But citizen or not, who’s to say that Obama’s not a Communist sleeper, a Manchurian candidate who wasn’t just destined for the presidency but literally bred for it? Lisa Schiffren—who made her name writing speeches for Dan Quayle when he was vice president, most famously the one that attacked television’s Murphy Brown for having a child out of wedlock—played with these notions in a piece she wrote for National Review Online in February 2008. “I don’t know how Barack Obama’s parents met,” she noted, before going on to pointedly assert that mixed-race children of Obama’s age tend to be “the product of very culturally specific unions . . . For a white woman to marry a black man in 1958, or 60, there was almost inevitably a connection to explicit Communist politics. . . . It was, of course, an explicit tactic of the Communist party to stir up discontent among American blacks, with an eye toward using them as the leading edge of the revolution.” Other bloggers have speculated that Obama’s real father was Malcolm X or the Communist writer Frank Marshall Davis.
By the time my book hit the stores, I’d seen the words “Where’s the Birth Certificate?” printed in ten-foot-tall letters on a billboard beside Interstate 78, not far from Harrisburg, Pennsylvania. Not just birthers but Tea Partiers were ubiquitous on talk radio, cable TV, and conservative Web sites like Newsmax, Townhall, and World-NetDaily. Rumors of one world government, creeping Socialism, and Latin American plots to conquer and annex the southwestern states, once the stuff of cheaply printed samizdat publications and shortwave radio broadcasts from backwoods compounds with biblical names, were being trumpeted by big-name pundits and even some elected officials. The Five Thousand Year Leap: 28 Great Ideas That Changed the World, a thirty-year-old book by the late anti-Communist conspiracy theorist W. Cleon Skousen, was perched atop the Amazon best-seller list with a new foreword by cable TV and talk radio’s Glenn Beck.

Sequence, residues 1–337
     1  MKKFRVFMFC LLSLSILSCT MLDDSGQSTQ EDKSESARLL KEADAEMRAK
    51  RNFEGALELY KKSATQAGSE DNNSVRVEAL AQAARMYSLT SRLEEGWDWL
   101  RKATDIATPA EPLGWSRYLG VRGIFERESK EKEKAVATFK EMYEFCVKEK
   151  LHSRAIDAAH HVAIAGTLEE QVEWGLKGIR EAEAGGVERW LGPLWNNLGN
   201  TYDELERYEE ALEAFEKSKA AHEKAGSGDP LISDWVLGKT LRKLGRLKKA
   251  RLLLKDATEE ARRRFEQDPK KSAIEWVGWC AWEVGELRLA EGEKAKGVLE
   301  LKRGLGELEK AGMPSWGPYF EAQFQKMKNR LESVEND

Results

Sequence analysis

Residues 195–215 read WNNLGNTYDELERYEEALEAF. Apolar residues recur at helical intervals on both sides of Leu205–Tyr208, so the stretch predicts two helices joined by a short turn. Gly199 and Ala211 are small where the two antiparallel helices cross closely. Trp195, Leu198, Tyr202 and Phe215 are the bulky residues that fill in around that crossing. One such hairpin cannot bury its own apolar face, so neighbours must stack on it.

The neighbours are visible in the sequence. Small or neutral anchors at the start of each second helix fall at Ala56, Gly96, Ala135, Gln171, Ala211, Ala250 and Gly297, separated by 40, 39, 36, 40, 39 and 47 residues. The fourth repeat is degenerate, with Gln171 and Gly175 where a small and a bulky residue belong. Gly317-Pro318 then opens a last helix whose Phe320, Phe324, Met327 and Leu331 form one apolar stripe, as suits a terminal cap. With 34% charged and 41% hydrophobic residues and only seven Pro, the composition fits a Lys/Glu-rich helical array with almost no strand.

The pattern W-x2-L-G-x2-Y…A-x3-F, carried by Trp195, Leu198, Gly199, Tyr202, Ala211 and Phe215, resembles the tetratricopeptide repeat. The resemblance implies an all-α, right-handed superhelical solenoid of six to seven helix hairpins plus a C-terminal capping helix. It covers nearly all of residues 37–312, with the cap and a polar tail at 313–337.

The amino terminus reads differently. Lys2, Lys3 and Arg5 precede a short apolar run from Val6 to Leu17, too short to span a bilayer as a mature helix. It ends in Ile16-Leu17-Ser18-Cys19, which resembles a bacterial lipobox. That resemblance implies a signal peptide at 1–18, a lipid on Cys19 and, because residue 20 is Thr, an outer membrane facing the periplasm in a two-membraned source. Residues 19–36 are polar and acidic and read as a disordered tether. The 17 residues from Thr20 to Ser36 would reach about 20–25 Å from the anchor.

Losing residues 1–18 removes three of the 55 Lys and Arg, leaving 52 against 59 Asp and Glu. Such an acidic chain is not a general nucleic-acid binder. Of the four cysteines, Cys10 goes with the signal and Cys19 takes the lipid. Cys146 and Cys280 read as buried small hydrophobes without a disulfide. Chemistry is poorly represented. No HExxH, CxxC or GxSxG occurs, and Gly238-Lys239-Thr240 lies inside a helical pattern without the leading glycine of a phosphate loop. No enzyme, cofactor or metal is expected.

Now best remembered in far-right-wing Mormon circles, Skousen drew a straight line from the biblical patriarchs through America’s founding fathers and found them equally inspired, but in general he took a more dire view of things; most of the time he seemed convinced that he was living in the Republic’s last days. “There is an extremely high-powered, well-financed campaign afoot to abolish the United States Constitution,” he wrote in 1971 in Law & Order (a trade magazine for policemen that he edited), sounding uncommonly then as Glenn Beck does now. And as long as we’re on the subject of the then hugely popular, agenda-setting Beck (with the expiration of his contract with Fox News, Beck’s future as a TV personality is up in the air), most of his September 2, 2009, Fox News show was devoted to an exposé of the subliminal propaganda that he’d discerned embedded in art deco sculptures, murals, and wall friezes at Rockefeller Center—stunning proof, for those who know how to see it, that its builder, John D. Rockefeller, was a crypto-Communist. It was hardly a coincidence, Beck insinuated, that Fox News’s archrival MSNBC—the employer of Beck’s ideological adversaries and ratings rivals Keith Olbermann (who has since left the network) and Rachel Maddow—would be headquartered in a place so replete with images of hammers and sickles. Oddly enough, Fox News’s headquarters is also located in Rockefeller Center, albeit in a newer, more reliably capitalistic precinct of the vast complex. Walled off from its neighbors’ insidious influences, 1221 Avenue of the Americas, one can only presume, is the West Berlin of television news.
But it wasn’t just conspiracies that people were talking about as my book went out into the world; secret societies and cults were enjoying a renaissance too. Stewart Rhodes’s Oath Keepers, which enlists soldiers and policemen to swear to disobey any orders they deem unconstitutional, was just getting off the ground. Some of the most vociferous early opponents of health-care reform—the ones who first started painting Hitler mustaches on pictures of Barack Obama—turned out to be not Tea Partiers exactly but followers of Lyndon LaRouche.